I hear this so many times from people around me that I thought that this is not a trivial question as I used to think. Many times I hear “hey that stock is selling at around 100 Rs and the other stock is selling at 1000, so the stock priced 100 has to be cheaper”. I hear this from normal people who are buying stocks and selling it. And when these people lose money, they blame it on the stock market. I feel so sorry about them. Little knowledge about something is dangerous but no knowledge about something can be disastrous. So let’s clear few things out.
As I said PE ratio is Price of a share divided by the earnings per share/Net Profit per share. So Lets see an example. Company A has a net profit of 10 million and company B also has a net profit of 10 million. They both are in the same industry and are almost same to the customers. Call them pair companies. (Actually there are quite a few of them in real world and there is one good strategy discovered by people of Morgan Stanley few decades back that can still be profitable. Technically it is called pair trading. Like Ford and GM, Infosys and TCS etc.) Company A has 1 million shares in the market and the Company B has 100 thousand shares in the market. Always remember that number of shares is arbitrary number and has no significance in determining the value of the company. It can be anything that common sense permits. Company A’s share is selling at 100 Rs/share and Company B’s share is selling at 1000 Rs/share. Profit per share for company A is (10 million) / (1 million), that is 10 Rs per share. Similarly for company B it is 100 Rs per share. We technically call this as EPS (earnings per share and is same as Net profit per share). So what is the PE of the stock? Company A’s PE is 10 and company B also has a PE 10. If both have the same PE and same growth rate in same industry then how come one is under priced and other over priced. It can’t be and is not. Both are priced same, that is Company A’s share price of 100 is same as Company B’s share price of 1000. Under priced and over priced in stock market has different rules and has nothing to do with what your pocket feels about it. If that would have been the case then Berkshire Hathaway(Warren Buffet’s company) would be the most overpriced share and all the penny stocks selling for few cents will be the most under priced. The truth is exactly opposite and that’s why people lose money most of the time. I hope it is understood by now. Just remember the statement highlighted because it will be used quite often. Infact you can forget everything in this post and just remember that nice statement higlighted in Bold.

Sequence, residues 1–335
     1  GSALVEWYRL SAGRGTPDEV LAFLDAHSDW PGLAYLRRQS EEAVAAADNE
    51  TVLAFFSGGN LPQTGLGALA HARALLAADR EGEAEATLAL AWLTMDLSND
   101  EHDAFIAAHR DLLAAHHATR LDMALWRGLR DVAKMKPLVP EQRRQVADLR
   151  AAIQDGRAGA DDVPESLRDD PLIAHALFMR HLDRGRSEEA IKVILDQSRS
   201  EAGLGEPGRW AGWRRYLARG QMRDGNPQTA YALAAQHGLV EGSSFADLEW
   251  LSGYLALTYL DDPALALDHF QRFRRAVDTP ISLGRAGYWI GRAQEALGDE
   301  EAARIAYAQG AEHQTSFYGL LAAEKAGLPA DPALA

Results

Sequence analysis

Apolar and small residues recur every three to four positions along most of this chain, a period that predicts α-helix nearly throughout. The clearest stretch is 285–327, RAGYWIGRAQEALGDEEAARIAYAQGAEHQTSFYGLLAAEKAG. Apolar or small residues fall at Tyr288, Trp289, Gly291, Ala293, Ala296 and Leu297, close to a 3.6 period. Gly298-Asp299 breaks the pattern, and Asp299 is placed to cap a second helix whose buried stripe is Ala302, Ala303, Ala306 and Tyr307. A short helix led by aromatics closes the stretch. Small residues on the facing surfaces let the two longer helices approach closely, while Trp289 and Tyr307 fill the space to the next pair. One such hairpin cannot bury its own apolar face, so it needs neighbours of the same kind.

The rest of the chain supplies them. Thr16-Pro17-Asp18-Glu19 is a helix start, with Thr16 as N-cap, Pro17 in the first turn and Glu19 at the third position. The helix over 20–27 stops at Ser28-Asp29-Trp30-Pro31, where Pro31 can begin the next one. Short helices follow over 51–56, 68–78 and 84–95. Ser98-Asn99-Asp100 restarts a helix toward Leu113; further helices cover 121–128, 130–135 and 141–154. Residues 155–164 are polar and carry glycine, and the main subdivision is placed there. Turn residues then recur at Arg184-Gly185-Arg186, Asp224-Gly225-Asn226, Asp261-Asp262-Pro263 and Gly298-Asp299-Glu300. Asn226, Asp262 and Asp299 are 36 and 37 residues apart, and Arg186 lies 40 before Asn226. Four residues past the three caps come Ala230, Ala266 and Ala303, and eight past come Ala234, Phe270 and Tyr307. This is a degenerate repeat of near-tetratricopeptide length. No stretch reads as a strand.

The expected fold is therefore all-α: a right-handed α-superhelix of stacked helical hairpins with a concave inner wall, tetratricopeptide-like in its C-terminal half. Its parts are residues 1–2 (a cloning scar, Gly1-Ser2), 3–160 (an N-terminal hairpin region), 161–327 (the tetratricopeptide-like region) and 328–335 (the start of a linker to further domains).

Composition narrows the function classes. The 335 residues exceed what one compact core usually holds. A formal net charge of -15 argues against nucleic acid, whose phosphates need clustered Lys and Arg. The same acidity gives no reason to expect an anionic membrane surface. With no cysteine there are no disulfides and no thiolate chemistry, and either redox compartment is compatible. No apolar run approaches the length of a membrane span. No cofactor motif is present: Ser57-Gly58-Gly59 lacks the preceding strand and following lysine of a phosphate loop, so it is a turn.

If you have any problems then just leave a comment and I will try to explain your query.

1 comment:

chennai said...

Customising and providing residential homes & commercial space as per clients requirements